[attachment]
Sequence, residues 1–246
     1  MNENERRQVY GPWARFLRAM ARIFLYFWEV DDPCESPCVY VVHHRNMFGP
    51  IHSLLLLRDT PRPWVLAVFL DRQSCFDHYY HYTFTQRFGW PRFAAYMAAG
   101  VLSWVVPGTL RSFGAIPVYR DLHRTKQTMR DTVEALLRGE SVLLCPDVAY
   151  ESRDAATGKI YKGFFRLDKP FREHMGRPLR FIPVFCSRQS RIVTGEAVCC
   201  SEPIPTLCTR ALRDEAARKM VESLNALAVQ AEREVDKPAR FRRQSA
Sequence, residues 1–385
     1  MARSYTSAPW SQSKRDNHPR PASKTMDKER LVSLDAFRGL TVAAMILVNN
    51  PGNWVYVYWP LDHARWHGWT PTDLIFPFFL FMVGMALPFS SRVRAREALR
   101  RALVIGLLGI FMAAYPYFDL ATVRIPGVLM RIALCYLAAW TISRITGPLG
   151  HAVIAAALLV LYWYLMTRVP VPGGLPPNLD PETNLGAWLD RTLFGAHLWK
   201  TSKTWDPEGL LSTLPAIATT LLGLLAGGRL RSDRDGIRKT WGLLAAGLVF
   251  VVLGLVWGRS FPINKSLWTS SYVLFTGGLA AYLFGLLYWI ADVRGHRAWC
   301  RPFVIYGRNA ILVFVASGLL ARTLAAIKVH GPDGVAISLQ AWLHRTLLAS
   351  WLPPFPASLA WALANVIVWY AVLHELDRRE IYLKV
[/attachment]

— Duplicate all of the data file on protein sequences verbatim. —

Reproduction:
Sequence, residues 1–246
     1  MNENERRQVY GPWARFLRAM ARIFLYFWEV DDPCESPCVY VVHHRNMFGP
    51  IHSLLLLRDT PRPWVLAVFL DRQSCFDHYY HYTFTQRFGW PRFAAYMAAG
   101  VLSWVVPGTL RSFGAIPVYR DLHRTKQTMR DTVEALLRGE SVLLCPDVAY
   151  ESRDAATGKI YKGFFRLDKP FREHMGRPLR FIPVFCSRQS RIVTGEAVCC
   201  SEPIPTLCTR ALRDEAARKM VESLNALAVQ AEREVDKPAR FRRQSA
Sequence, residues 1–385
     1  MARSYTSAPW SQSKRDNHPR PASKTMDKER LVSLDAFRGL TVAAMILVNN
    51  PGNWVYVYWP LDHARWHGWT PTDLIFPFFL FMVGMALPFS SRVRAREALR
   101  RALVIGLLGI FMAAYPYFDL ATVRIPGVLM RIALCYLAAW TISRITGPLG
   151  HAVIAAALLV LYWYLMTRVP VPGGLPPNLD PETNLGAWLD RTLFGAHLWK
   201  TSKTWDPEGL LSTLPAIATT LLGLLAGGRL RSDRDGIRKT WGLLAAGLVF
   251  VVLGLVWGRS FPINKSLWTS SYVLFTGGLA AYLFGLLYWI ADVRGHRAWC
   301  RPFVIYGRNA ILVFVASGLL ARTLAAIKVH GPDGVAISLQ AWLHRTLLAS
   351  WLPPFPASLA WALANVIVWY AVLHELDRRE IYLKV